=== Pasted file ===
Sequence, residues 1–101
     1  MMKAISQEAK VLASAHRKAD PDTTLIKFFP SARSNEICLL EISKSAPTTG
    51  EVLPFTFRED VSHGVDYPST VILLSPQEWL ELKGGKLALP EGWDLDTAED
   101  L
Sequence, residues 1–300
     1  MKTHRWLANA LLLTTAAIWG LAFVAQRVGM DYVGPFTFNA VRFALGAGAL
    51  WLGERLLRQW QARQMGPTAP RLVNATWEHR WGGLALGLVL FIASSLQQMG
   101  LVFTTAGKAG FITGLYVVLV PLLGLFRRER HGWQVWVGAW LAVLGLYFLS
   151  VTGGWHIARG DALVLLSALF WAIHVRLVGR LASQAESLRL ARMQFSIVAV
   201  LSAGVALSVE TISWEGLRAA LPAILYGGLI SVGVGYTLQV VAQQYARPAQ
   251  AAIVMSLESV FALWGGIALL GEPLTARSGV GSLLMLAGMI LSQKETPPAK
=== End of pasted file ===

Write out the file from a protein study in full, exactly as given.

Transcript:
Sequence, residues 1–101
     1  MMKAISQEAK VLASAHRKAD PDTTLIKFFP SARSNEICLL EISKSAPTTG
    51  EVLPFTFRED VSHGVDYPST VILLSPQEWL ELKGGKLALP EGWDLDTAED
   101  L
Sequence, residues 1–300
     1  MKTHRWLANA LLLTTAAIWG LAFVAQRVGM DYVGPFTFNA VRFALGAGAL
    51  WLGERLLRQW QARQMGPTAP RLVNATWEHR WGGLALGLVL FIASSLQQMG
   101  LVFTTAGKAG FITGLYVVLV PLLGLFRRER HGWQVWVGAW LAVLGLYFLS
   151  VTGGWHIARG DALVLLSALF WAIHVRLVGR LASQAESLRL ARMQFSIVAV
   201  LSAGVALSVE TISWEGLRAA LPAILYGGLI SVGVGYTLQV VAQQYARPAQ
   251  AAIVMSLESV FALWGGIALL GEPLTARSGV GSLLMLAGMI LSQKETPPAK